On July 16, 1934 in Chicago, Alekhine set the new world record by playing 32 blindfold games,[2] with 19 wins, four losses, and nine draws. Edward Lasker was the referee for this event.

George Koltanowski set the world's blindfold record on 20 September 1937, in Edinburgh, by playing 34 chess games simultaneously while blindfolded, winning 24 games and losing 10, over a period of 13 hours. The record was included in the Guinness Book of Records and was generally accepted as the world record until November 2011.[1] Later, both Miguel Najdorf and János Flesch claimed to have broken that record, but their efforts were not properly monitored the way that Koltanowski's was. Najdorf's first record in Rosario, Argentina was against 40 opponents (+36 =1 -3)[3] and was organised in an effort to gain sufficient publicity to communicate to his family that he was still alive, as he had remained in Argentina after travelling from his native Poland to compete in the 1939 Chess Olympiad. He increased this record to 45 opponents in São Paulo in 1947, with the result of 39 wins, four draws and two losses.[4] The Guinness Book of Records does not acknowledge Najdorf's record, because he allegedly had access to the scoresheets, and there were multiple opponents per board.[1] Koltanowski claimed that he could have managed 100 games under those conditions.[5] However, Najdorf's record is considered legitimate by other sources.[6]

The last increase in the record was claimed by the Hungarian Janos Flesch in Budapest in 1960, playing 52 opponents with 31 wins, 3 draws, and 18 losses. However, this record attempt has been somewhat sullied by the fact that Flesch was permitted to verbally recount the scores of the games in progress. It also took place over a remarkably short period of time, around five hours, and included many short games.[5]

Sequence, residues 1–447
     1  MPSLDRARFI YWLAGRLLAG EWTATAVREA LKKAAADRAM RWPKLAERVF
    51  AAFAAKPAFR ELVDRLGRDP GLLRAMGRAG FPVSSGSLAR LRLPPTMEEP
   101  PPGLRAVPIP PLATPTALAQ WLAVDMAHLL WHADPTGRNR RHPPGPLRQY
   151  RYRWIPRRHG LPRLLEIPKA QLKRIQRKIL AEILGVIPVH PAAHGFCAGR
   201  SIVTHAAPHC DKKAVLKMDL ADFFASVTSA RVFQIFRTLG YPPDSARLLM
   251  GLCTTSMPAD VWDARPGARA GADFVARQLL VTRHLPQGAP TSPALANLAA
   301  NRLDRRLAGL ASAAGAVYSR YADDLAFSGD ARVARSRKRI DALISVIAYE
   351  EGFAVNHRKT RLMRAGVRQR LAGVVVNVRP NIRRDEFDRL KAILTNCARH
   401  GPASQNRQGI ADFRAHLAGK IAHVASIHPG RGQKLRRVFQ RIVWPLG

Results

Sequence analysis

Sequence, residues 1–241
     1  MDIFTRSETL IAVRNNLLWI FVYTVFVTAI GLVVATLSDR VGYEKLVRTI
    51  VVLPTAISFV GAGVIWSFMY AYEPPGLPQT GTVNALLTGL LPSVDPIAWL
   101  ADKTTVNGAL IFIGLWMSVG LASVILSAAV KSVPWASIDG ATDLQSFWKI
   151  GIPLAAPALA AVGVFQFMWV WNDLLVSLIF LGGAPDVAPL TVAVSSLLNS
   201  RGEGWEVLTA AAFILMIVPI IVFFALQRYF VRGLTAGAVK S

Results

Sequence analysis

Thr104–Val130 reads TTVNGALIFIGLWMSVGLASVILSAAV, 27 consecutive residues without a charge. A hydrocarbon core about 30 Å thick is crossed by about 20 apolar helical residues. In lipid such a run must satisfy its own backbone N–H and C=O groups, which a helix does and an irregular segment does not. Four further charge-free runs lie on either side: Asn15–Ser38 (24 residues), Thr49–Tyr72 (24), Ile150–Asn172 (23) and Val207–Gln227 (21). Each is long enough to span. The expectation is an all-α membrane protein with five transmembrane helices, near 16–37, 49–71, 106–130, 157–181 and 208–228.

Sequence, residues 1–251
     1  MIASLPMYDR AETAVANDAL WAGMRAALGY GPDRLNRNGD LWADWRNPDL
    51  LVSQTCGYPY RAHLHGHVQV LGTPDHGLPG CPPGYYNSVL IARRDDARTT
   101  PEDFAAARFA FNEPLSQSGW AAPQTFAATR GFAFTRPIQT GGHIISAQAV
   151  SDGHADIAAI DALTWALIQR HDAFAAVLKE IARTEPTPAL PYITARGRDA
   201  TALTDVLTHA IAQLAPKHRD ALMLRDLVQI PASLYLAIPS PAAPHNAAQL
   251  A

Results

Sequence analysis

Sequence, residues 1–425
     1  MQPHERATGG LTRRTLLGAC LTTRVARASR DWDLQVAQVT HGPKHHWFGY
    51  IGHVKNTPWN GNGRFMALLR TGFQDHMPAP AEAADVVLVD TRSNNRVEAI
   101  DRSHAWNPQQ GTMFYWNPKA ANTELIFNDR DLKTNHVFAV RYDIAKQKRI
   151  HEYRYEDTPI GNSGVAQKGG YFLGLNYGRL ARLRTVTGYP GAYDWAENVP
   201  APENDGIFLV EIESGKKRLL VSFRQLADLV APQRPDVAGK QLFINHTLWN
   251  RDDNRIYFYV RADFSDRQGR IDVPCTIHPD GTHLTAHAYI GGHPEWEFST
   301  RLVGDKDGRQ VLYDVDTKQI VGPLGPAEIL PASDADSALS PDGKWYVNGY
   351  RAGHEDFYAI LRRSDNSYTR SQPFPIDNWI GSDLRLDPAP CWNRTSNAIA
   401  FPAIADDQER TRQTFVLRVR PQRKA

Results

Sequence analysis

One other notable blindfold record was set in 1960 by Koltanowski in San Francisco, when he played 56 consecutive blindfold games at a rate of 10 seconds a move. The exhibition lasted 9 hours with the result of 50 wins and 6 losses.[7] His specialty was conducting a blindfold Knight's Tour on boards of up to 192 squares.

21st century 24-hour blindfold chess records[edit]

A new European record was set in November 2010 by German Marc Lang in Sontheim, Germany, playing 35 opponents with 19 wins, 13 draws, and 3 losses over a period of 23 hours.[8]

Lang set the world record a year later in November 2011 once again in Sontheim by playing 46 opponents simultaneously and blindfolded, with 25 wins, 19 draws and just 2 losses.[9][10]

Health concerns[edit]

While blindfold chess has been recommended in moderation by many sources as a method of increasing one's playing strength, simultaneous blindfold exhibitions were officially banned in 1930 in the USSR as they were deemed to be a health hazard.[11][1] Mikhail Botvinnik also warned against it.[1] Blindfold players[who?] have reported that it is more tiring than regular play, even if faster time controls are used.[1]